Sneaky Feelings Profile

Andrew Schmidt
Published: 13 Apr 2014
Updated: 3 Sep 2017

It isn’t often that a non-mainstream New Zealand group gets to articulate its creative life in print to the degree that Dunedin’s Sneaky Feelings have.

Guitarist, singer and songwriter Matthew Bannister’s introspective memoir and history, Positively George Street: a personal history of Sneaky Feelings and the Dunedin Sound, frayed tempers and dented egos when it was published in 1999.

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Sneaky Feelings - Wouldn't Cry (featuring Red McKelvie)
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Sneaky Feelings at Dunedin's Oriental Hotel, month and year unknown; design by Jeremy Freeman
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The poster for Sentimental Education, the second Sneaky Feelings album, from 1986
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Sneaky Feelings in June 1984
Photo credit: Photo by Carol Tippet
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Sneaky Feelings at Auckland's Windsor Castle, September 1985
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Sneaky Feelings at the Rumba Bar, May 1983
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Sneaky Feelings crossing Grafton Bridge, Auckland 1987
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1983's Send You was the debut Sneaky Feelings album, co-produced at Auckland's Mascot Studios by Phil Yule in May that year
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Husband House
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The Flying Nun Husband House poster, October 1985
Photo credit: Design by Lesley McLean
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Sneaky Feelings, circa 1983: David Pine, Kathryn Tyrie, Matthew Bannister and Martin Durrant
Photo credit: Simon Grigg collection
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Better Than Before
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Sneaky Feelings at The Windsor, June 1984
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Sneaky Feelings' 2017 reunion album, Progress Junction
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The 1986 Coming True single, picture sleeve design and photos by Jeremy Freeman
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Margaret O'Neill's artwork for 1988's Hard Love Stories album
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1986's Better Than Before 12-inch single
Photo credit: Design: Jeremy Freeman
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The Sneaky Feelings in Symonds Street, Auckland, in 1987: Martin Durrant, David Pine, Matthew Bannister, and John Kelcher
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Sneaky Feelings: Matthew Bannister, David Pine, John Kelcher and Martin Durrant; photo by Jeremy Freeman
Photo credit: Jeremy Freeman
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Sneaky Feelings in Grafton Cemetery, Auckland, 1987: Matthew Bannister, David Pine, John Kelcher and Martin Durrant
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Coming True
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Live at Uncle Sam's, 1985; poster design by Jeremy Freeman
Photo credit: Jeremy Freeman
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Sneaky Feelings in the mid-1980s - Martin Durrant, Matthew Bannister, David Pine, John Kelcher
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Husband House was a No.16 hit in October 1985. Cover design by Jeremy Freeman and John Kelcher; photos by Jeremy Freeman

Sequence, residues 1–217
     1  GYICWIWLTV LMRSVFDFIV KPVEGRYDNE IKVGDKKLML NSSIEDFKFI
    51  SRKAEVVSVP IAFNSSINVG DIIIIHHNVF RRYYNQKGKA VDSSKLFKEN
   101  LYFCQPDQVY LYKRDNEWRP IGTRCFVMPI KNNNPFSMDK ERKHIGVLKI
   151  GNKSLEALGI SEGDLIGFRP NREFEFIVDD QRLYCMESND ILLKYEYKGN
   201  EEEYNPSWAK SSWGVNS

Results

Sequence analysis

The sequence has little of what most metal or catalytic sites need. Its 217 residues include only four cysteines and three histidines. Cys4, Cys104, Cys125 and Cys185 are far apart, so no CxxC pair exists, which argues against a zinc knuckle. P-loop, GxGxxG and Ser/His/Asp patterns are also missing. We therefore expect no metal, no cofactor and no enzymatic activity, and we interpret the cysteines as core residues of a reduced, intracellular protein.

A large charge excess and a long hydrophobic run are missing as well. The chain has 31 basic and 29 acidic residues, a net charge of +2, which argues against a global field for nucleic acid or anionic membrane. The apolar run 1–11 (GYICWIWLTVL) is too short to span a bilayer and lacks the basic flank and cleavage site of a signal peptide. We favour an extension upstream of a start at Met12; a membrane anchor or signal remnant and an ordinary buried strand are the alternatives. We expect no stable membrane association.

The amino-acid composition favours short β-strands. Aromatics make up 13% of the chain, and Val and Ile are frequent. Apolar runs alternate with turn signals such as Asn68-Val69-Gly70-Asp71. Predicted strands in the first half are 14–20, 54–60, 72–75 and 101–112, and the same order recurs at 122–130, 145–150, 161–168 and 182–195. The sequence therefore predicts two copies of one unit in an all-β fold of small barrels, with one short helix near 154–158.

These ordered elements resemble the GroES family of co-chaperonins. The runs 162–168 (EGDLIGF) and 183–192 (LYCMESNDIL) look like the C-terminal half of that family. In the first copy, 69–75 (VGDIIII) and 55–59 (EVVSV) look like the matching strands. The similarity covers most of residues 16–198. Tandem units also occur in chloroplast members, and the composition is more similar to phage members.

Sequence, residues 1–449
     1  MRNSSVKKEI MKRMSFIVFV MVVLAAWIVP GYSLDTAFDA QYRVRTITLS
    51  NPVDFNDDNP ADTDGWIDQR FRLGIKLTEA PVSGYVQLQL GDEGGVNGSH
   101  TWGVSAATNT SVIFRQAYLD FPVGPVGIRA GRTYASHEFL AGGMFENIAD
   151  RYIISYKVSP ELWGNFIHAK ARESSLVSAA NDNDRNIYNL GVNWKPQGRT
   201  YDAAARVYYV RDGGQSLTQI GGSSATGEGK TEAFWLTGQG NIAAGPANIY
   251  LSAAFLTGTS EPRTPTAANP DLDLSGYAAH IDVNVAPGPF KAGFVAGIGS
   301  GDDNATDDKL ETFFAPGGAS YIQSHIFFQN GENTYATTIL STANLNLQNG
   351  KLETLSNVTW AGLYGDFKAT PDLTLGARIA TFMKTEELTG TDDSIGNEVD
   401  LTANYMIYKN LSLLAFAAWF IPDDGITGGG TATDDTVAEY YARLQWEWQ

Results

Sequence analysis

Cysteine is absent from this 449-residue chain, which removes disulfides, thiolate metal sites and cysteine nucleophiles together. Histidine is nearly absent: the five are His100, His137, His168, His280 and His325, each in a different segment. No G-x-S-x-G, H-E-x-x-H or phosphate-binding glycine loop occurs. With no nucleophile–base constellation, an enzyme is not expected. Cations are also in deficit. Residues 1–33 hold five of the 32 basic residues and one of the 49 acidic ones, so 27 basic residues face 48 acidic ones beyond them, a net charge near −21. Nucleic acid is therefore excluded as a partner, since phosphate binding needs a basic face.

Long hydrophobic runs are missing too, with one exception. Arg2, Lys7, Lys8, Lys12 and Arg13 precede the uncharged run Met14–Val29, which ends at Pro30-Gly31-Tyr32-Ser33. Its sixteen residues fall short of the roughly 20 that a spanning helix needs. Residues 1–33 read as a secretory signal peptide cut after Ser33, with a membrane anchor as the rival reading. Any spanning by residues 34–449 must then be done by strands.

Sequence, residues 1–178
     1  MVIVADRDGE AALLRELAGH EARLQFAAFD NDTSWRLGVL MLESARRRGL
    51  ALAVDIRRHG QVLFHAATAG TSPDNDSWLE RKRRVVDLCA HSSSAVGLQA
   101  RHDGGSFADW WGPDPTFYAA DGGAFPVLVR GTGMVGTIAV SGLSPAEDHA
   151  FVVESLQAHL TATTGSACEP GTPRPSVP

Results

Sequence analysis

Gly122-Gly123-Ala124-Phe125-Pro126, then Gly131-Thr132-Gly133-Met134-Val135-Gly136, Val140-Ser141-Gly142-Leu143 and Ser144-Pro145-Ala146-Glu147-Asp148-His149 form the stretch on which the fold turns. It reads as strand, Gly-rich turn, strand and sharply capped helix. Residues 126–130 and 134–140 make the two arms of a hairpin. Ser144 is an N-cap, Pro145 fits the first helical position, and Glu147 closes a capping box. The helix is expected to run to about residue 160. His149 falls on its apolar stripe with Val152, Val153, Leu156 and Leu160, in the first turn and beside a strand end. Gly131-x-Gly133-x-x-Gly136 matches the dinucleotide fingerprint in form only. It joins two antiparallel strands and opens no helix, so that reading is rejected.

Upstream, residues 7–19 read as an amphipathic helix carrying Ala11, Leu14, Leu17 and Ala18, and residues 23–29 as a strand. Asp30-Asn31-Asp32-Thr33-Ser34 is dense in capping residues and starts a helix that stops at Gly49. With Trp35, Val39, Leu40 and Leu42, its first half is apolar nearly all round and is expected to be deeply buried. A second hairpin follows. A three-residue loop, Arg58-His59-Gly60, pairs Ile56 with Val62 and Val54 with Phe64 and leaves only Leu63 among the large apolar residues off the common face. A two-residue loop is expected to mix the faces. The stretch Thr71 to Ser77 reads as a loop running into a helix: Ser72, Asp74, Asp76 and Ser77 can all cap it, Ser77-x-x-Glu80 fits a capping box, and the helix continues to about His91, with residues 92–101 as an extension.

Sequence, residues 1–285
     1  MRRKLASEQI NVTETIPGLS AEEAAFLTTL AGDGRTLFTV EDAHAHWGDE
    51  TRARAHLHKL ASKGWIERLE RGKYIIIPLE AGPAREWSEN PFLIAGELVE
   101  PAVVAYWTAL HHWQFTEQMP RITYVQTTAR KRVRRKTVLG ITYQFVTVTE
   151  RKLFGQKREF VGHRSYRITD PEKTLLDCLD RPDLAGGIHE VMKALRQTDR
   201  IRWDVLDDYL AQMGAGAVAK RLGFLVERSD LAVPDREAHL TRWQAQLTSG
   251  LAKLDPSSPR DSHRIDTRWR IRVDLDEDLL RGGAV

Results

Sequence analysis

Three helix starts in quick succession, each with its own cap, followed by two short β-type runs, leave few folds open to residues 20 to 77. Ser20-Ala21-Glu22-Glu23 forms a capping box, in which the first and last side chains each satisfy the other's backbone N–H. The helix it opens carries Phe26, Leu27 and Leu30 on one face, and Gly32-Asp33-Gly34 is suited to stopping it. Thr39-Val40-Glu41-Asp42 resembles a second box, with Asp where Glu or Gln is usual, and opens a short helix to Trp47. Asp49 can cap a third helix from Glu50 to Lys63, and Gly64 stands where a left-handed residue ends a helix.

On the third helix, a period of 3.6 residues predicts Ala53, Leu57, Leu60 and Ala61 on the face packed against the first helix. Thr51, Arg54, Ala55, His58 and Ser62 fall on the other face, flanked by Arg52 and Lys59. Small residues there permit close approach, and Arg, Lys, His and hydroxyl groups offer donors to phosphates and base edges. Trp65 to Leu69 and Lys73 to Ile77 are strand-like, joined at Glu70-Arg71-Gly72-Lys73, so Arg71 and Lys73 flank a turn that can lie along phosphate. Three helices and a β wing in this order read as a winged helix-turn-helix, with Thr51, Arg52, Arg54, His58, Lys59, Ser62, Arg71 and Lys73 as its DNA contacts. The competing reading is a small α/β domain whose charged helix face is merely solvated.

Photo credit: Design by Jeremy Freeman and John Kelcher
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Sneaky Feelings: David Pine, Kat Tyrie, Martin Durrant and Matthew Bannister, circa 1983
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The Sneaky Feelings, Auckland 1987: David Pine, Matthew Bannister, David Pine and John Kelcher
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Waiting For Touchdown (Live) Bob Sutton Collection
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An outtake of The Sneaky Feelings cover shoot for the 1982 Dunedin Double EP. The location is the Roslyn Street overbridge (over Stuart Street).
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The poster for the 1986 single Better Than Before
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From 1982, the multiple hand screened and painted covers of Be My Friend b/w Amnesia were created by Ronnie van Hout
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Members:

Matthew Bannister - guitar, vocals, keyboards

David Pine - guitar, vocals

Martin Durrant - drums, vocals, keyboards

John Kelcher - bass, vocals, keyboards

Kathryn Tyrie - bass, keyboards

Ross Burge - drums

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Trivia:

The name Sneaky Feelings was taken from an Elvis Costello song title.

Future Matthew Bannister groups included Dribbling Darts of Love and The Weather. He has recently released his take on The Beatles’ Revolver as Evolver.

Matthew Bannister was co-opted as guitarist for The Mutton Birds, who performed a version of his ‘Not To Take Sides’ live.

David Pine wrote ‘I Love The News’ for Death Ray Café. Pine was also bass player in Dunedin’s The Moas, who released an EP called Spaz Out! With The Moas on Flying Nun Records in 1987.

David Pine is New Zealand’s High Commissioner to Malaysia.

Bic Runga covered Martin Durrant’s ‘Stranger’s Again’ on her Try To Remember Everything compilation in 2008. The song was originally recorded for a Radio New Zealand session.

David Pine and Martin Durrant of Sneaky Feelings were two thirds of The Bleeding Allstars, who contributed a version of Toy Love’s ‘Ain’t It Nice’ to the Chris Knox benefit album Stroke in 2009.

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